Fring logo

Here's a twist on the all-in-one cell phone chat client--make it call your contacts too.

Fring is a free VoIP and chat client. The downloadable app harnesses your cell phone's Internet connection into phone calls and chats with buddies on Skype, Twitter, MSN Messenger, Google Talk, and ICQ. Your carrier will slap you with no accruing SMS fee, but you'd better have Wi-Fi reception or an unlimited data plan if you want to chat freely and stay in the black.

Fring groups all contacts, including those in your phone's address book, into a single list, highlighting icons at the top to indicate the service your buddy patronizes. You can click a buddy's name to call them, and choose the method of telephony--Fringo, GMS, Skype Out, or SIP. You can also select your service of choice from the call menu. To reach out and ping someone, you select the "chat" option from the menu and begin typing into the narrow field.

Fring chat window
Fring chat window (Credit: CNET Networks)

In all cases, recipients and initiators must have the voice aspect of their programs enabled. For example, Skype Out calls won't connect for Skype members lacking the paid account, contacts using outdated versions of MSN/Windows Live Messenger, or Google Talk buddies logged into Gmail, but not the actual Google Talk client. Contacts must also have headphones and microphones at the ready for calls to work.

This is where Fring's chat function becomes instrumental, a doorbell ring to probe if friends are available for a call. The chat experience itself is competent, but tends towards the basic. While Fring supports tabbed conversations, each discussion is identically named "Chat." New message notification is simply the most recent conversation popping up to dominate the screen. This unannounced presence can periodically derail your messaging flow, so you find yourself starting a sentence on one message and continuing it in another window. The Twitter feed is notorious for this. There's also no typographical distinction between buddies in the message window, so it's easy to get lost if either of you is prolific.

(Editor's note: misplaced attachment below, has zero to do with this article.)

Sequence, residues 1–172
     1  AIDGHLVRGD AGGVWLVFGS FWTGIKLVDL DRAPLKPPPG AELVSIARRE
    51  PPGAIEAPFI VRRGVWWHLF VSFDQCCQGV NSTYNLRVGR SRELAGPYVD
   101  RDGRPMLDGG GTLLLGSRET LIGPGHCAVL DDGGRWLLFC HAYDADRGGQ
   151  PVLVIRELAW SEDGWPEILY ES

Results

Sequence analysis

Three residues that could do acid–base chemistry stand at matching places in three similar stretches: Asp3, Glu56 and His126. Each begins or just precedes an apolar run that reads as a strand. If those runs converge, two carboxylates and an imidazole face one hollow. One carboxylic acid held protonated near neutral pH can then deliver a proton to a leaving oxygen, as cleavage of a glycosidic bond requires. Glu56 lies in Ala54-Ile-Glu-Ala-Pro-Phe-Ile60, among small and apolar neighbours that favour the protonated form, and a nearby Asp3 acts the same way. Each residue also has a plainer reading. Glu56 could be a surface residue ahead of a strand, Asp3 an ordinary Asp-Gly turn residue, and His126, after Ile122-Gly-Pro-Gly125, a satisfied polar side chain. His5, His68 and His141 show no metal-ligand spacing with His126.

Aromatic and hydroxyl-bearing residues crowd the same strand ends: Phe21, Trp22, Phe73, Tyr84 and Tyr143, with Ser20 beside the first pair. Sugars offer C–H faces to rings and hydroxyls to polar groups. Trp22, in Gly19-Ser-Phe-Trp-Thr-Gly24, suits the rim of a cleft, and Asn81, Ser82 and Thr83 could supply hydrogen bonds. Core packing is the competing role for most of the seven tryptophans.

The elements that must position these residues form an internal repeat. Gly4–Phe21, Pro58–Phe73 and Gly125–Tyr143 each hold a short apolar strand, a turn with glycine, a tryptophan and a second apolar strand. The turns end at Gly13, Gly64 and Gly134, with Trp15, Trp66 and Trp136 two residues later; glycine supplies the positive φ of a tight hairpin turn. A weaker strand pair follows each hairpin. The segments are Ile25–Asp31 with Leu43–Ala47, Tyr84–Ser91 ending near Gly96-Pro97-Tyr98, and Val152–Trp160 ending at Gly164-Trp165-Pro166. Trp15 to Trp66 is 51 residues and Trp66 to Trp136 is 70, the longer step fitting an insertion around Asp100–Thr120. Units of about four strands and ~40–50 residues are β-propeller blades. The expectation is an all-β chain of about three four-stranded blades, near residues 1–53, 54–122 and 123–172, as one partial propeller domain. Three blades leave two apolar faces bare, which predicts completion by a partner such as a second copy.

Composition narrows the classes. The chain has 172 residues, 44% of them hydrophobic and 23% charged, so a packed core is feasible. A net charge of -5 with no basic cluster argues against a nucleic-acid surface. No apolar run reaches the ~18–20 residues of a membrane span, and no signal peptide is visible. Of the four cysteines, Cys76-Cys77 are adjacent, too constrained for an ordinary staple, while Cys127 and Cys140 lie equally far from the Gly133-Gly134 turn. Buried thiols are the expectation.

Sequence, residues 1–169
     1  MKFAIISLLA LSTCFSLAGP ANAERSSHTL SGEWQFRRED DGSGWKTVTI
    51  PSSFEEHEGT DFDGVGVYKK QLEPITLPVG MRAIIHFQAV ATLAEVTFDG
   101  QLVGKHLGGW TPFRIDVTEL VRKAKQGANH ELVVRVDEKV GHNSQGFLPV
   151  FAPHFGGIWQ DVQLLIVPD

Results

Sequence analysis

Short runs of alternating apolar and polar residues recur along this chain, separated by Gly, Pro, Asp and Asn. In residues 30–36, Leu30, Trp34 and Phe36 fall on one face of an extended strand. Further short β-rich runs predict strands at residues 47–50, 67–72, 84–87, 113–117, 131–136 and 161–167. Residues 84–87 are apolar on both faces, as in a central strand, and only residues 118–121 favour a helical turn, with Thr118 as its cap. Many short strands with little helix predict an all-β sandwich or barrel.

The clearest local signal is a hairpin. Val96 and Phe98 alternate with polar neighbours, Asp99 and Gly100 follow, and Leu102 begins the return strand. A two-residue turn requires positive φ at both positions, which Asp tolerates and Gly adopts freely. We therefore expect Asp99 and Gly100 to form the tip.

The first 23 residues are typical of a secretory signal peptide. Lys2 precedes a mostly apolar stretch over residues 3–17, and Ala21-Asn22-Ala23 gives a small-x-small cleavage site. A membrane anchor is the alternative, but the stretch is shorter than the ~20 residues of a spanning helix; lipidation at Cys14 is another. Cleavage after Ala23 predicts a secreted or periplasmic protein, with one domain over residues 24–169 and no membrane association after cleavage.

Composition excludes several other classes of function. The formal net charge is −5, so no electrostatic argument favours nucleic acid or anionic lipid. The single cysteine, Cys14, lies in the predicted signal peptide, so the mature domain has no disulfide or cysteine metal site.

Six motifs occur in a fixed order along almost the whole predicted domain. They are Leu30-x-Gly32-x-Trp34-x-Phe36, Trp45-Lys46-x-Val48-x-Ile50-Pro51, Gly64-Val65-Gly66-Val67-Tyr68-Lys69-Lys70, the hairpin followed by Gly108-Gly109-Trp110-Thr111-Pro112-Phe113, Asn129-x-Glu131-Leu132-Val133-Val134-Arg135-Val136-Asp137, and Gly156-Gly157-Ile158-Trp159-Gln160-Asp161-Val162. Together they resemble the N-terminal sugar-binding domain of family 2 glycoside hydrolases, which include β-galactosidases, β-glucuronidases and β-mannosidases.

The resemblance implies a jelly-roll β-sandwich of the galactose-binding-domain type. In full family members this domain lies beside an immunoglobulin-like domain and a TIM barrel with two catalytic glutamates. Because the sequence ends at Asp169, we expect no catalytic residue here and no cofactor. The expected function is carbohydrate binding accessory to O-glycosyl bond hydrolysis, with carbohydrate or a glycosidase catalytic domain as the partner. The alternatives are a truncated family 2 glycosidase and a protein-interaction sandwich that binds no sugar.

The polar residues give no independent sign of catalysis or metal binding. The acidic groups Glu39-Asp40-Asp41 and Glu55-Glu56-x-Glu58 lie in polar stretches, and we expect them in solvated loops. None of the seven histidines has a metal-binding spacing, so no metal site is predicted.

While basic in some respects, Fring offers users the convenience of grouping a range of popular communication clients into a single hub. Unfortunately, it appears to be one of those apps that isn't compatible with every carrier, handset, and OS combination. While chat worked very well on my Palm Treo 700 running Windows Mobile 5, not even the Fring test dial would ring through for me. However, other users have had success with Fring in their respective countries, so it's worth a try for an app that syncs with a multimedia communications lifestyle. Fring is also in beta, so we can look forward to expanded services and bug fixes as the service matures.

Download Fring for Symbian or Windows Mobile phones or get the link via SMS by registering online or by visiting the site from your mobile browser.

For other products that turn cell phones into free VoIP phones, see CNET coverage on Talkster and Mobivox.

Jessica Dolcourt reviews smartphones and cell phones, covers handset news, and pens the monthly column Smartphones Unlocked. A senior editor, she started at CNET in 2006 and spent four years reviewing mobile and desktop software before taking on devices.